India is likely to overtake Japan as the third largest economy in the world by 2050 and continue in that position till 2100, according to a study published in the medical journal Lancet.
The study constructed scenarios for GDP using the working age population of countries. It also assessed potential economic and geopolitical effects of future demographic shifts. The study based 2017 as the reference when India was the seventh largest economy in the world, and forecast that India will emerge as the fourth largest economy by 2030 behind USA, China, Japan and by 2050 it will go onto the third spot and retain it till 2100. The study published in July plotted the forecasted number of working-age individuals (aged 20–64 years) for the ten largest countries in 2017, in the reference scenario. It said that huge declines in the number of workers were forecasted in China and India, alongside steady increases in Nigeria. By 2100, India was forecasted to still have the largest working-age population in the world, followed by Nigeria, China, and the USA.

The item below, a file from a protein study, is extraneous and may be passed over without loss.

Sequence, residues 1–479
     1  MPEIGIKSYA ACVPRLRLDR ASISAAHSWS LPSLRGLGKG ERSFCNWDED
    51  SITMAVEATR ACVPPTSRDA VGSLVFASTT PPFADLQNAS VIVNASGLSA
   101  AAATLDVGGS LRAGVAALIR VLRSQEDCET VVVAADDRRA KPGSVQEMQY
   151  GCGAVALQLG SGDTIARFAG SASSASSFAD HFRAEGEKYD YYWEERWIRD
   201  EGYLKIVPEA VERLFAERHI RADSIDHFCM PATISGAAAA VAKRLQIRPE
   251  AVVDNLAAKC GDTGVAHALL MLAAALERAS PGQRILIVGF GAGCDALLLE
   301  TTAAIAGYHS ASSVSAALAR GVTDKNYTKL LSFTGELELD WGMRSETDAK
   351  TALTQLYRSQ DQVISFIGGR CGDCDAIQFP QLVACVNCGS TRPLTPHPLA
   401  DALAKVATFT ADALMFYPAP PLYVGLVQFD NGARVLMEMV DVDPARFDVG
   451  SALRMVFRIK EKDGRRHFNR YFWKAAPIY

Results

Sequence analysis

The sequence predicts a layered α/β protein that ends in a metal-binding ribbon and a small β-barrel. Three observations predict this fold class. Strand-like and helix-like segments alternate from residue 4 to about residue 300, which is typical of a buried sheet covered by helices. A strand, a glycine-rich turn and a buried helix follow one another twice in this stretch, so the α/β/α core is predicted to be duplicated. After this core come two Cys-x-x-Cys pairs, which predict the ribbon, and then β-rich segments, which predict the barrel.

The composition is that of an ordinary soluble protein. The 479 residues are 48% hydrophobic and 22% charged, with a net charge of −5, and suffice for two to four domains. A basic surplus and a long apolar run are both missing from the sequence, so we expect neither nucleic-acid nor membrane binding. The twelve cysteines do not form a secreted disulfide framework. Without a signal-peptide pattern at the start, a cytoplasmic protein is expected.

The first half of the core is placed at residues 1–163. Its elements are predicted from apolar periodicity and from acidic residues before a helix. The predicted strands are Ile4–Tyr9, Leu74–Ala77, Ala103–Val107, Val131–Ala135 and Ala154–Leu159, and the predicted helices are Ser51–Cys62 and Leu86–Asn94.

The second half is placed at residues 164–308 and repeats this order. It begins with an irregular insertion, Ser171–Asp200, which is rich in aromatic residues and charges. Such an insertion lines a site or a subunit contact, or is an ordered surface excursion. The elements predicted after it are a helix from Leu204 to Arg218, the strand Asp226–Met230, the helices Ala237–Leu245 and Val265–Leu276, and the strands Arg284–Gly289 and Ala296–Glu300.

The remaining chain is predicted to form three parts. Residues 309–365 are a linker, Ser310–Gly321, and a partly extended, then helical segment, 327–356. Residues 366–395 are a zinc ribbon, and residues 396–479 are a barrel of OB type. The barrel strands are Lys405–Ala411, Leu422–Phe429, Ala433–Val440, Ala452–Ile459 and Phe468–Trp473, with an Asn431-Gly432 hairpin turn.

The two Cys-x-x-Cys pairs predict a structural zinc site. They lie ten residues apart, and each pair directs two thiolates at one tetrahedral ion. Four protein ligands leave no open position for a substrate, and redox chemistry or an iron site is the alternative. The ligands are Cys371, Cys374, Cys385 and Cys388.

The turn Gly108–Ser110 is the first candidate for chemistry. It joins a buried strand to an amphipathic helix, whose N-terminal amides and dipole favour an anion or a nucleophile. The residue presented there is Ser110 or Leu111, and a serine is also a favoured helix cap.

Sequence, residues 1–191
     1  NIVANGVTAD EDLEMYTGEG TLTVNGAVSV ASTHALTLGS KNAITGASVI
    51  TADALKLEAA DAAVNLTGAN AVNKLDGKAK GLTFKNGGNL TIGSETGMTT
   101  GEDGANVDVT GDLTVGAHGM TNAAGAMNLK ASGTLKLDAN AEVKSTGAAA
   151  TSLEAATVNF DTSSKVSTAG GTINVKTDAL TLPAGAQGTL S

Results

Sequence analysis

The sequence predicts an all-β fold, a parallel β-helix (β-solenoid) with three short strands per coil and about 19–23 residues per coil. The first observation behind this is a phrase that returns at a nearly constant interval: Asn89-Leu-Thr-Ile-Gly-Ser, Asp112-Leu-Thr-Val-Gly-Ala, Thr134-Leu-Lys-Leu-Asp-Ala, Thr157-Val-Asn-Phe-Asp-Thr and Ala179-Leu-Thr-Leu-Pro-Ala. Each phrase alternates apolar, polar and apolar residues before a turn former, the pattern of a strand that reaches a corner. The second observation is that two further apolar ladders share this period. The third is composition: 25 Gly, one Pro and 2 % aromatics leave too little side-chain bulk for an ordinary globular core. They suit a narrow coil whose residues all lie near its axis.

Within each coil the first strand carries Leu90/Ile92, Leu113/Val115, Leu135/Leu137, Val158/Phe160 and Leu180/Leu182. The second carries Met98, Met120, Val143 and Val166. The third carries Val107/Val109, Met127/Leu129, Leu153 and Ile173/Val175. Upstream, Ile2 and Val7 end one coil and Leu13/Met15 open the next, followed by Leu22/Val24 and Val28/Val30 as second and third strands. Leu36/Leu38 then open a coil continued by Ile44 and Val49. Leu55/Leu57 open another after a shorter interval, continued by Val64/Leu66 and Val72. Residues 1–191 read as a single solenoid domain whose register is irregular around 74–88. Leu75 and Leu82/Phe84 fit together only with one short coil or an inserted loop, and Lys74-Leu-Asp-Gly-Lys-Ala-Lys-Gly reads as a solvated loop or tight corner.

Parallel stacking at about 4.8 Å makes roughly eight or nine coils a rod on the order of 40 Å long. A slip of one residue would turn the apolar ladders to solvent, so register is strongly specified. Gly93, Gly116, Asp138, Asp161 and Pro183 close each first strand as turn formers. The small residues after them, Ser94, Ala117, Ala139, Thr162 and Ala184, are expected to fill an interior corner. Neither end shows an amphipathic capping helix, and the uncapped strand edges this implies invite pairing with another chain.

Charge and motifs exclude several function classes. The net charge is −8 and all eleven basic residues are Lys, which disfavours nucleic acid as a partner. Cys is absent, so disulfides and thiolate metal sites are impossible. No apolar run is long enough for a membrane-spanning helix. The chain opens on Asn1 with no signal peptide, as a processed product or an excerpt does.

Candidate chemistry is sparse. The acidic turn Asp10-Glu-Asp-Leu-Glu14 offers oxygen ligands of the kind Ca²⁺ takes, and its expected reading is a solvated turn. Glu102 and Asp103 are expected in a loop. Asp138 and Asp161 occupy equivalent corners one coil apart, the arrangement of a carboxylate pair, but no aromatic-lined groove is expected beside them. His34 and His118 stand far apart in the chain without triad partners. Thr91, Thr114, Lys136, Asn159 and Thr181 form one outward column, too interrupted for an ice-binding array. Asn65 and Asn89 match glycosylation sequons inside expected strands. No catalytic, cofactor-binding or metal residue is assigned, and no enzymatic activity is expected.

The study showed that China would rise to the top in 2035 in the reference scenario for GDP, but would be superseded by the USA again in 2098 as population decline curtailed economic growth. Other countries bolstered by immigration that rose up in the global rankings by GDP were Australia and Israel. Despite huge declines in population forecasted this century, Japan remained the fourth-largest economy in 2100, according to the study on fertility, mortality, migration and population scenarios for 195 countries from 2017 to 2100. It said that understanding potential patterns in future population levels is crucial for anticipating and planning for changing age structures, resource and health-care needs, and environmental and economic landscapes. India, Asia’s third-largest economy, had set itself a target of being a $5 trillion economy by 2024-25 but the pandemic has stalled the march towards that target as growth has plunged.
Experts say that India needs to grow at a faster clip to help it reduce poverty and raise the living standards. The study suggested that continued trends in female educational attainment and access to contraception will hasten declines in fertility and slow population growth.